As I discussed previously here, I had been able to quite accurately replicate Mann’s temperature principal components (the first 16 of which have been archived for a long time). Notwithstanding that these calculations can actually be replicated quite accurately, Wahl and Ammann calculated new reference temperature PCs using annual data on the basis that they get similar results. Perhaps. But if the purpose is replication, it makes a lot more sense to use the MBH98 temperature PCs (or at least replications of them) . Also pardon me for being a bit skeptical about Hockey Team assurances that something “doesn’t matter”. I’m getting to find my way around WA code a bit better now and I substituted the Mann PCs for the WA PCs and carried on. The normalized proxies used by WA were very slightly different than mine, owing to slight differences in the order of rounding and normalization: in some cases, they rounded before normalizing, while I didn’t (I think that my interpretation of MBH methods is the more probable).
Then I re-did the calibration-estimation calculation up to Reconstructed Principal Components. In Early Returns, based on Wahl-Amman PCs, I reported that there was a correlation >0.999 between the two calculations, but scaling differences. Well, using MBH98 PCs and non-rounded proxies, guess what: the replication of the RPC1 was exact. I mean to 10 decimal places for all 581 values!
You’d think that this would have been worth a mention in their press release and article. I’m still wading through the downstream scaling to NH temperature. Because the scales were all different using the WA PCs, it complicated this process considerably and I didn’t finish that yesterday. However, now that I’ve got everything on the same scales, de-coding the NH scaling should come a little faster today. For reference, the incisions were surgical on the following: svdproduct$TmatU, svdproduct$TmatV, svdproduct$TmatD (temperature PCs) and datamatrices$Ymat.anomaly (proxies).
I’m working on the 15th century step only for now. I’ve unpacked the functions into a running script.
Afternoon Update: I think that I’ve pretty much reconciled the scaling to NH temperature.
This has always been a bit mysterious – Ammann’s code shows a scaling step added in April 2005, so he seems to have had some trouble here as well. Von Storch et al. seemed unaware that there was a scaling procedure in MBH98 – I mentioned this in an earlier post [here]. In our previous calculations, because I couldn’t get the scaling to reconcile, I ended up simply re-scaling the emulation to NH temperature. I should be able to eliminate this plug in my emulation, which will be nice. I anticipate being pretty much compatible with WA by tomorrow. I’ve done some preliminary runs and obtained R2 and RE results pretty much identical to previously reported results. Once I’ve got complete replication, I’ll re-execute all reported results and report on them. That may be a few days as I’ve got a few other things to do simultaneously. It’s interesting to see some programming approaches in WA. I like some ways that they handle output logfiles.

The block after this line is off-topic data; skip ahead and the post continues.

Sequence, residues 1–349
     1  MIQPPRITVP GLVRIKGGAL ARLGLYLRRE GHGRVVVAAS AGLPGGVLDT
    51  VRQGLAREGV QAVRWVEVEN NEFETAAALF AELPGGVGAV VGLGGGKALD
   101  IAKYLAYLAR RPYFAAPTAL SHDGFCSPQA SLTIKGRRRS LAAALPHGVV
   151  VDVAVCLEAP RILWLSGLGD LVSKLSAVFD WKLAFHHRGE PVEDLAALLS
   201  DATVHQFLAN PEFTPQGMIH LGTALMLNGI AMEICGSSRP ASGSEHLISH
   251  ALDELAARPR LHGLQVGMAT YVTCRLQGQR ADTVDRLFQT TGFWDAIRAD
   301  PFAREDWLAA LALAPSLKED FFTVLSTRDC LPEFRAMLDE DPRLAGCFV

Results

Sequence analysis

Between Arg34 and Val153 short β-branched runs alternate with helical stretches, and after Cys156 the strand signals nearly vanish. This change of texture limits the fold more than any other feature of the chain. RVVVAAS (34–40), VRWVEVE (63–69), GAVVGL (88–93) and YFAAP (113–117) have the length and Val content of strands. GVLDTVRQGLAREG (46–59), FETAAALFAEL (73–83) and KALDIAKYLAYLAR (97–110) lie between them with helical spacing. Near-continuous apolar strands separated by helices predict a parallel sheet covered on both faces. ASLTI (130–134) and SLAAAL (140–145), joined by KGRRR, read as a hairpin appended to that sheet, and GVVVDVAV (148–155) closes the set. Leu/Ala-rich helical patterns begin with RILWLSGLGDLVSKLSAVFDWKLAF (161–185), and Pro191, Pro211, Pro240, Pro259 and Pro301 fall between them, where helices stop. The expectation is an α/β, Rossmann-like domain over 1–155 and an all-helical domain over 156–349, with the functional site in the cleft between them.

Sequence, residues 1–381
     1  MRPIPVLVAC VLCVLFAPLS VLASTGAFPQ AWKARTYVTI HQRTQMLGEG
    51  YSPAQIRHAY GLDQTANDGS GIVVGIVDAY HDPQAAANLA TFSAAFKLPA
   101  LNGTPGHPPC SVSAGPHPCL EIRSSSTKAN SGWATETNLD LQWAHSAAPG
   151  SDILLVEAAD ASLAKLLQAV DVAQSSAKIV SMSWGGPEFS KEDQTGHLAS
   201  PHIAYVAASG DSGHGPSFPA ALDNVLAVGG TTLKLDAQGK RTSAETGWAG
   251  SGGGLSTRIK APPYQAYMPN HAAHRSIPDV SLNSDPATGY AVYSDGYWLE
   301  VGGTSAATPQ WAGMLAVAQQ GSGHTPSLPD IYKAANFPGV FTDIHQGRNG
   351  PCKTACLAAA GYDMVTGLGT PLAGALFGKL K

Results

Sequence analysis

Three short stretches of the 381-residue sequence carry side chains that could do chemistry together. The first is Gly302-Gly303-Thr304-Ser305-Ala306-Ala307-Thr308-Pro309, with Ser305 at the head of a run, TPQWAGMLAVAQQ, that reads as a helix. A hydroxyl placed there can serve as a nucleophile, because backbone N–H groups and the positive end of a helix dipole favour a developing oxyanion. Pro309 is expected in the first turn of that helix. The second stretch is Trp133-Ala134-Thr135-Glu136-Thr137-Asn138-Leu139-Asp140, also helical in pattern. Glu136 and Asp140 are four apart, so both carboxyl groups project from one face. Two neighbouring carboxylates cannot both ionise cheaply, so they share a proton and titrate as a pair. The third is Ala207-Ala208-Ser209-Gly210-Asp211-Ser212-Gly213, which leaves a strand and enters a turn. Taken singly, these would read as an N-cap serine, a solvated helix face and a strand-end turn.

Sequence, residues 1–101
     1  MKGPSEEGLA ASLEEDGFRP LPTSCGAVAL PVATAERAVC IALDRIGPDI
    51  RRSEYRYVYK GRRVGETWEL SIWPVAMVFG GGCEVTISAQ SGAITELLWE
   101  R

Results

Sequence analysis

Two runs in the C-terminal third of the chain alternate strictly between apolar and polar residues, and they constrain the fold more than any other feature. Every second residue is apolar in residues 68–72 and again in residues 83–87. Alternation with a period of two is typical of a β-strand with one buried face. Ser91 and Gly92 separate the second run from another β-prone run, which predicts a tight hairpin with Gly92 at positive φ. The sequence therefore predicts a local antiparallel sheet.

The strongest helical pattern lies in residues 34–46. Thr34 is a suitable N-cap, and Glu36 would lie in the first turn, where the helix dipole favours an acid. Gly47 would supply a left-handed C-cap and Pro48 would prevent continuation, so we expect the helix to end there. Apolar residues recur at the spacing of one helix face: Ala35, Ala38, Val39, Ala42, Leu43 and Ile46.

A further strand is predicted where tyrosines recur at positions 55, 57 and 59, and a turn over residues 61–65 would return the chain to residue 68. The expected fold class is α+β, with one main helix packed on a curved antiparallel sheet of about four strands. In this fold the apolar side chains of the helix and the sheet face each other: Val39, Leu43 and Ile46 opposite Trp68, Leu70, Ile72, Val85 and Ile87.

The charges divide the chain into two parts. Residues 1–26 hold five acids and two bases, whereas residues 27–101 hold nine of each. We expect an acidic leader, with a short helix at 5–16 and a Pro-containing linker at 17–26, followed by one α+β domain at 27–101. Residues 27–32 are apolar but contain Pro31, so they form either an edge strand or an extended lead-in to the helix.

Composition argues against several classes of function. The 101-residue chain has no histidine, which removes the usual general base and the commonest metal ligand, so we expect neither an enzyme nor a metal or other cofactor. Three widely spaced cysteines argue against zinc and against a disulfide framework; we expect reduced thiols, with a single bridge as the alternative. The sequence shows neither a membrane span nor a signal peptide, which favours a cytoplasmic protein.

On the other hand, their handling of matrices is often very awkward. For example, there is a profusion of differently named matrices such as “Tmat.anomaly.cal.fitted.NH.mean.corrected” and “Tmat.anomaly.precal.fitted.NH.mean.corrected”. The phrase *.cal.* and *.precal.* distinguish matrices in the calibration period 1901-1980 and the “pre-calibration” period 1400-1901. These could have been combined into one matrix using an index for the calibration period (or other period) e.g. Tmat.anomaly..fitted.NH.mean.corrected [cal,]. This would eliminate needless duplication. I also don’t like their handling of situations where each column of a matrix is multiplied by an element of vector. For example, if A is a matrix and v is a vector, the simplest way of doing this is A %*% diag(v), (%*% is matrix multiplication). WA typically will do t( t(A)*v). It works but you lose sight of what’s going on, especially when they create new and unnecessary matrix entities with *.transpose suffix. These are not big criticisms, but they are matters that could have been done a little simpler. (I’m sure that there are lots of criticisms of my coding style, but these are just things that I noticed and had to think about to figure out what they were doing.)